A Guide to Velvet Fabric

Item # X-HT-300208

What Is Velvet?

The term "velvet" actually refers to the weave, not the material. In fact, velvet fabrics can be made from just about any fiber! Traditionally made from silk, velvet is now more commonly made from synthetic fibers such as polyester for added durability. Velvet is woven as a double cloth on a special loom and the pile yarns are made from an extra set of warp yarns. The cut ends of the pile form tufts on the surface, which give a plush texture when evenly sheared.

History of Velvet

Velvet has had a long and illustrious history, with the first pile weave resembling velvet originating in Egypt as far back as 2000 BCE. Between 400 BCE and 23 CE, uncut pile weaves were developed in China, which more closely resembled the velvet we know today. Eventually, the Middle East and Eastern Europe began to develop velvet more regularly with skilled weavers working in Turkey, Greece and Cyprus. Finally, velvet production was improved and expanded upon in the late Middle Ages and Renaissance periods in Europe. Carefully crafted, velvet was most commonly worn by nobility and religious figures. Now, innovations in velvet production and materials have led to velvet being widely distributed and more affordable than in the past.

Why Velvet Is Great

  • Soft, textured feel
  • Luxurious sheen
  • Wide range of colors and patterns
  • Contemporary and stylish
  • Silk velvets will drape nicely
  • Cotton and synthetic velvets are the most durable

Common Uses for Velvet

  • Decorative pillows and accents
  • Headboards
  • Formal and informal living area furniture
  • Bench and ottoman cushions
  • Curtains
  • Oversized floor pillows
  • Bed skirts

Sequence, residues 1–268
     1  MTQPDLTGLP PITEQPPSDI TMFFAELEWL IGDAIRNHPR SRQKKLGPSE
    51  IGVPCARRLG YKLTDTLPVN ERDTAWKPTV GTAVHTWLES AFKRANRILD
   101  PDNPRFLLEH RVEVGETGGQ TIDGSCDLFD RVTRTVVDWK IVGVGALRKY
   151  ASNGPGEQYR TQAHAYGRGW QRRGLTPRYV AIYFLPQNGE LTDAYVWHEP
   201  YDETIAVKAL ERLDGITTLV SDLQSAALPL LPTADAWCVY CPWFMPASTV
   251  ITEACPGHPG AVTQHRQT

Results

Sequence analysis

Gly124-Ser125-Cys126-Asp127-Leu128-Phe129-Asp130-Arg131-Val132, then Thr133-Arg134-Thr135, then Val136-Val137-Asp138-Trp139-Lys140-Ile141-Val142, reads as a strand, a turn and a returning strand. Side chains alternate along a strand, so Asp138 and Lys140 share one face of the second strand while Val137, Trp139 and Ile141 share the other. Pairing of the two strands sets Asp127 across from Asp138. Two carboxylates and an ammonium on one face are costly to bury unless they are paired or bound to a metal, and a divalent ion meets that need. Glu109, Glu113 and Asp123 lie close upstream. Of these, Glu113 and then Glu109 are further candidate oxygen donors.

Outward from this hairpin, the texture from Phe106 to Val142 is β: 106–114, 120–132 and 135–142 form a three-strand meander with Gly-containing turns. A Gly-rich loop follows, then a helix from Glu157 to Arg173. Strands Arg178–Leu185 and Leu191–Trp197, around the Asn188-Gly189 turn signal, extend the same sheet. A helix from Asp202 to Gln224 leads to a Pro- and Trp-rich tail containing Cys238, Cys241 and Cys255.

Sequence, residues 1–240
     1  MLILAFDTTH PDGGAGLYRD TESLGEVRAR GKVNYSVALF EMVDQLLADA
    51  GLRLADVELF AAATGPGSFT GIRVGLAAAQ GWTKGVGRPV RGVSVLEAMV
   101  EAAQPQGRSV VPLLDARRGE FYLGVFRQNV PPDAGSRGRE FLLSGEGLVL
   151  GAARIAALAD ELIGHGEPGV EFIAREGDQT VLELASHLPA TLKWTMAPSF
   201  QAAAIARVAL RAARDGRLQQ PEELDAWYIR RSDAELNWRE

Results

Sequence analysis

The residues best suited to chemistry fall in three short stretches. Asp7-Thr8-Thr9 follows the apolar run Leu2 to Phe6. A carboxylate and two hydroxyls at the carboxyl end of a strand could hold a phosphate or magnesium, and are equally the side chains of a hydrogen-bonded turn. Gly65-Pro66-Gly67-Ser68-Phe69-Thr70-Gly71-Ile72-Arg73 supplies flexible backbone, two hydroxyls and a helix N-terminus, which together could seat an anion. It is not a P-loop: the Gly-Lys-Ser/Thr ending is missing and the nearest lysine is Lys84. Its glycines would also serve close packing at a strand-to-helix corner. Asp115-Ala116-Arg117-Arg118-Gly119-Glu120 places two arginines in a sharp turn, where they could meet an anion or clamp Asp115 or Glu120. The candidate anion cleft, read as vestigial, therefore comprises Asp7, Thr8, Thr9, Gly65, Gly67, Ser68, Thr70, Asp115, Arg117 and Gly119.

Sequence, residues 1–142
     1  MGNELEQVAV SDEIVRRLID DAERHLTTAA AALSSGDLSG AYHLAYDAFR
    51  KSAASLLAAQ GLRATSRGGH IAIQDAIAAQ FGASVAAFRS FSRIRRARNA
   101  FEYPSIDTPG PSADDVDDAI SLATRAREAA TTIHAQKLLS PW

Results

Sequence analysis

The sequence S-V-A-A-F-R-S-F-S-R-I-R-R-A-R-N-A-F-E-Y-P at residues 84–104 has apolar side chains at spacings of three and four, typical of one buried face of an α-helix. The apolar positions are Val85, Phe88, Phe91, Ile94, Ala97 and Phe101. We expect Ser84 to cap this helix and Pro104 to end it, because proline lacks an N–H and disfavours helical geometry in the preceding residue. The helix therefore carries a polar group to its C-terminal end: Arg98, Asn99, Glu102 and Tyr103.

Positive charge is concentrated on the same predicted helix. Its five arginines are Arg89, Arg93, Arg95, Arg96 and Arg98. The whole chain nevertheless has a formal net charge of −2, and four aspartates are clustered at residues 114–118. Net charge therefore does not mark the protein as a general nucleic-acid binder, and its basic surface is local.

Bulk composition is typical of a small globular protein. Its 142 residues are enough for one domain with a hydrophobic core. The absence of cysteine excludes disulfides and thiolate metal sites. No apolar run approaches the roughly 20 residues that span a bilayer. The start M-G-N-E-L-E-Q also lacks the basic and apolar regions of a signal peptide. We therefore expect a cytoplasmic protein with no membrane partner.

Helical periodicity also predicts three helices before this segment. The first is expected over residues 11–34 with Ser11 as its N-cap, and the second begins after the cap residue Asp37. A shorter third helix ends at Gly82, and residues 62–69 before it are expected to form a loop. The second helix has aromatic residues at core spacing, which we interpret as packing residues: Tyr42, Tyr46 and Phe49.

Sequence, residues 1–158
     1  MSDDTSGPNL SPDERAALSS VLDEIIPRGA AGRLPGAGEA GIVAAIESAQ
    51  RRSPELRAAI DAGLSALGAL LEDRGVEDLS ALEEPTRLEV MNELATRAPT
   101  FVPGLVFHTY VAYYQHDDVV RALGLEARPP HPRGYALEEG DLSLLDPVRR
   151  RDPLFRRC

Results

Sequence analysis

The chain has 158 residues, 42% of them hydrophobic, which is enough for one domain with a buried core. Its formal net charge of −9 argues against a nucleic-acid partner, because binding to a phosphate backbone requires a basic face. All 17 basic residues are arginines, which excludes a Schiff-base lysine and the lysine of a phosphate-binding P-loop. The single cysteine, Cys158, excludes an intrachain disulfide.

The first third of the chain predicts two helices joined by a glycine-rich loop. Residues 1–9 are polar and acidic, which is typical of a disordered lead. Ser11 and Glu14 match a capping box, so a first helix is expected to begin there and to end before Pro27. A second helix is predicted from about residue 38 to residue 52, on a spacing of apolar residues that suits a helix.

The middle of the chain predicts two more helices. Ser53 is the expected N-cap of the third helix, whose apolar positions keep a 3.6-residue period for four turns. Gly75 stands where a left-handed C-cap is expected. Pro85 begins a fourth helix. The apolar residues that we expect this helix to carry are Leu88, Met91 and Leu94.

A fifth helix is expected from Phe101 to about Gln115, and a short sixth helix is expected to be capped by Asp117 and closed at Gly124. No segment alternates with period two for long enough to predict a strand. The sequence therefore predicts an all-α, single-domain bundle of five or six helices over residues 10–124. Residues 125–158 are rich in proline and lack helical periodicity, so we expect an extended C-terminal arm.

Drawbacks to Velvet

Velvet can be resilient enough for everyday home décor, but it's important to keep in mind that not all are created equal. While some newer synthetic velvets feature stain-resistant finishes, silk velvets can be delicate. Check the double rubs of your velvet to determine if it should be kept clear of pets and children, as they may stain or crush. Velvet can be cleaned, but it is not always accomplished in the same way as other upholstery fabrics. Certain velvets are dry clean only, while others have specific cleaning and care instructions. Be sure to look out for these instructions when selecting a velvet fabric for your home.

Types of Velvet

Don't be fooled by its delicate appearance! Sailrite carries 100% polyester velvets as well as blends of cotton, polyester and viscose that boast high double rubs and stain resistance for supreme durability. Velvet made from cotton is known as “velveteen” and is among the most durable varieties along with synthetic velvets. Brands such as P/Kaufmann and Richloom are some to keep in mind when searching for an interior velvet on our site. Check out the blog "What Are Double Rubs and the Wyzenbeek Test?" (#300100XHT) for more information on fabric durability.

What’s the difference between velvet and velour? Well, velour is similar to velvet in that it is often made from cotton or polyester, but has some differences. When velour is made, the yarns are knitted into loops to make a pile weave, but the small loops are cut off so the fabric loses its sheen. The knitted manner of velour also allows it to stretch more than velvet. If you're curious about the difference between velvet and chenille, be sure to read our blog on the topic (#300420XHT)

Here at Sailrite, our huge variety of indoor fabrics mean we're sure to have something you’ll love. Check out our velvet fabrics on the right side of this blog for a peek into our wide selection. What projects have you done with velvet? What colors and patterns are your favorites? Share your creativity with us in the comments!